In a move that is the first of its kind in the nation, the Oregon Liquor and Cannabis Commission is restricting the sale of some artificially derived synthetic cannabinoids in the state beginning July 1. The restricted compounds - namely artificially-derived CBN - will only be sold in OLCC dispensaries, and will be required to meet some minimal requirements.
“(CBN) is like Ambien,” said Hunter Neubauer, co-founder of Oregrown and a board member of the Oregon Cannabis Association. “You take a gummy and get the same effect, and feel great in the morning. It’s unfortunate we’re going to lose that.”
CBN and cannabidiol (CBD) are both extracted from the cannabis plant and have been marketed as treatments for everything from epilepsy to anxiety to chronic pain and sleeplessness. While CBD is abundant in hemp, CBN exists in much smaller amounts within the plant. Because of this, CBN is often synthesized from CBD, as CBN exists only when the cannabis plant is close to death, and therefore it is inefficient to extract CBN and waste an entire cannabis plant.
Another synthetic cannabinoid, delta 8, also exists in tiny amounts within a cannabis plant, and so it, too, is synthesized from CBD to bump its potency in the end product. Unlike CBN, delta 8 can be intoxicating, though much less so than delta 9 THC. The process of converting parts of the cannabis plant to delta 8, however, is what concerns regulators.
“We don’t have any testing for any of the whole universe of chemical reagents that you could use to synthetically turn one cannabinoid into something else,” Steven Crowley, the hemp and processing compliance specialist with the OLCC, told The Oregonian.
For industry pros like Neubauer, this move seems to be a step not far removed from cannabis panic.
“There’s a lot of press around the illegal grows and human trafficking,” Neubauer said. “A lot of people weren’t abiding by the regulatory framework of the (Oregon Department of Agriculture). Once an agency outlaws something without looking into the science or facts, you’re entering into dangerous territory. It’s a little bit of a knee-jerk reaction.”
To Neubauer, the OLCC’s mission should be simplified. If it’s intoxicating, the OLCC should regulate it. If not, they shouldn’t.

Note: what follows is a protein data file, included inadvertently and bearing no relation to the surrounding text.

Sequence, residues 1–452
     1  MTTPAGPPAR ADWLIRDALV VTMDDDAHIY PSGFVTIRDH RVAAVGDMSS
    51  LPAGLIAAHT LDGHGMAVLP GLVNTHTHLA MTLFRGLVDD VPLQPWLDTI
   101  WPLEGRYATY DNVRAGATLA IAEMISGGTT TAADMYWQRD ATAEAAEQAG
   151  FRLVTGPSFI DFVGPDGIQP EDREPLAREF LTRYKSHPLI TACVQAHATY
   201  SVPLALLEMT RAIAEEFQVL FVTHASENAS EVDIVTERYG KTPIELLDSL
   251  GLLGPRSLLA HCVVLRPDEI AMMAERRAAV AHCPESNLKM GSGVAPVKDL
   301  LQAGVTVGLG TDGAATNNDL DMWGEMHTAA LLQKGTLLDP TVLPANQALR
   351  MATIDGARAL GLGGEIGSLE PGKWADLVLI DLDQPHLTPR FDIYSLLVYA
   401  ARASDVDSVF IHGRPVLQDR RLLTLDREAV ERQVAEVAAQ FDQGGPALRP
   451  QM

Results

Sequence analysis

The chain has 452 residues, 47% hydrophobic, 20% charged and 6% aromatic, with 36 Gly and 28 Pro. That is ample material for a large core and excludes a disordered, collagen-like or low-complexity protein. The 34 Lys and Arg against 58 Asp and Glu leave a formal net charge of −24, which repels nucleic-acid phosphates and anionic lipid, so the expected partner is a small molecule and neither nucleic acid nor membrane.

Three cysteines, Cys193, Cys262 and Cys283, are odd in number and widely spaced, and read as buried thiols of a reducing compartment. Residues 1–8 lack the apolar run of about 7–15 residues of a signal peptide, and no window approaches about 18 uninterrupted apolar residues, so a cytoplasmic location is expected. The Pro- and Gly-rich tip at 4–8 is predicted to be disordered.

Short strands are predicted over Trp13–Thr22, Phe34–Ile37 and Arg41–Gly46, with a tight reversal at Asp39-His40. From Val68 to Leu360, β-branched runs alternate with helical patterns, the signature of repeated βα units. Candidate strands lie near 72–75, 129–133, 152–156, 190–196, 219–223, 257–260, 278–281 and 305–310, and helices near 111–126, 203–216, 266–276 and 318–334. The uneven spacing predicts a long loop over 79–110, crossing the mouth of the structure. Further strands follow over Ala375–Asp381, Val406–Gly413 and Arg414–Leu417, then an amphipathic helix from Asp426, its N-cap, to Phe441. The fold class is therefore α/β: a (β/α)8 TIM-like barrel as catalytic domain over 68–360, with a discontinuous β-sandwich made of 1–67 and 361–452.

“Delta 8 is intoxicating; it should be regulated by the OLCC,” he said. “CBN is really the victim here. There’s not a lot of delta 8 products on the market.”
Starting July 2023, the OLCC will further restrict the sale of synthetically derived cannabinoids to those that have received the “Generally Recognized As Safe” label from the FDA, or meet alternate standards for new dietary ingredients. While these standards are set by the FDA, it is possible for manufacturers to meet them without direct involvement from the FDA, and they do not require the gold standard of “FDA approval.”
Though with a decades-old federal ban on the sale of any cannabinoids, it is hard to imagine the FDA looking kindly on CBN, delta 8, or any other cannabinoid product. And even if they do, many prior CBN customers may hesitate to abandon their grocery store for a marijuana dispensary experience.
The OLCC’s move is yet another hit to a cannabis industry that is flagging, and struggling to find ways to move product.
“I’m getting calls every week from guys who are shutting down the shop and not growing,” Neubauer said. “It’s the worst it’s been since legalization.”
The OLCC itself seems to recognize that desperation on the part of hemp/cannabis farmers and processors to offload their product has led us here.
“The supply of CBD was outstripping the demand for CBD,” Crowley said. “People who had CBD on hand were looking for other ways that they could market it.”
It is hard to blame cannabis business owners – who often sink millions into their investments before they yield a penny in profit – for getting creative. When you trim profit margins of an already over-regulated product, you could further entrench an unregulated market that has already made countless headlines for its abuses.
Not everyone is getting poorer as a result of the squeeze on the cannabis industry, however. Last December, the legislature awarded $25 million to low enforcement to attack illegal grows.
“They know we’re going to get some,” said Jackson County Sheriff Nathan Sickler said last December, referring to seizing illegal grows. “But they know we can’t get it all.”
If the war on drugs is a failure – as most Americans deem it to be – it’s hard to imagine how a war on synthetic cannabinoids will be different.